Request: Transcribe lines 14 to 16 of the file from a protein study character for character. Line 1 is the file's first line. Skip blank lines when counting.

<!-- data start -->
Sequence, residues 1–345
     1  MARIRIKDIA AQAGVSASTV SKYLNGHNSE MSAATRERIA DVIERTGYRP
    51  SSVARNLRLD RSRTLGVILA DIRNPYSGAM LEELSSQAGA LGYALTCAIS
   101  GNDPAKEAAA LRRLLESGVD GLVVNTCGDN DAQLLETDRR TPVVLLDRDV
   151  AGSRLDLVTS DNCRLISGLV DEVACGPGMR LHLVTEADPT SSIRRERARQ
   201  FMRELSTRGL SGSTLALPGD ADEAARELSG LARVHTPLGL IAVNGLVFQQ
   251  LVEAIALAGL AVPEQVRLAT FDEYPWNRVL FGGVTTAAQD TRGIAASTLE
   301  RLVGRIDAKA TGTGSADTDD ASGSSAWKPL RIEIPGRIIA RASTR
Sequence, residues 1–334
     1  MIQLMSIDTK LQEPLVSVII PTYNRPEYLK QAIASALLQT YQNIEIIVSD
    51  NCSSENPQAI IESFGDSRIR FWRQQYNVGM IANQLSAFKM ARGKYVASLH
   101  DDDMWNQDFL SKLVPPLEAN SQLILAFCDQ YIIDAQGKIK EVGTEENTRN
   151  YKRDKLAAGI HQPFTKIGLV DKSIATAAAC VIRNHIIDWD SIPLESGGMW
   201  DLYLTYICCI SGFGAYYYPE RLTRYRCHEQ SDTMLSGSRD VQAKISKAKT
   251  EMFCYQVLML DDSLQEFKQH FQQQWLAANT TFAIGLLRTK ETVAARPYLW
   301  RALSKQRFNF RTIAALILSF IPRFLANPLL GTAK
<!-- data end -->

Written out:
   201  DLYLTYICCI SGFGAYYYPE RLTRYRCHEQ SDTMLSGSRD VQAKISKAKT
   251  EMFCYQVLML DDSLQEFKQH FQQQWLAANT TFAIGLLRTK ETVAARPYLW
   301  RALSKQRFNF RTIAALILSF IPRFLANPLL GTAK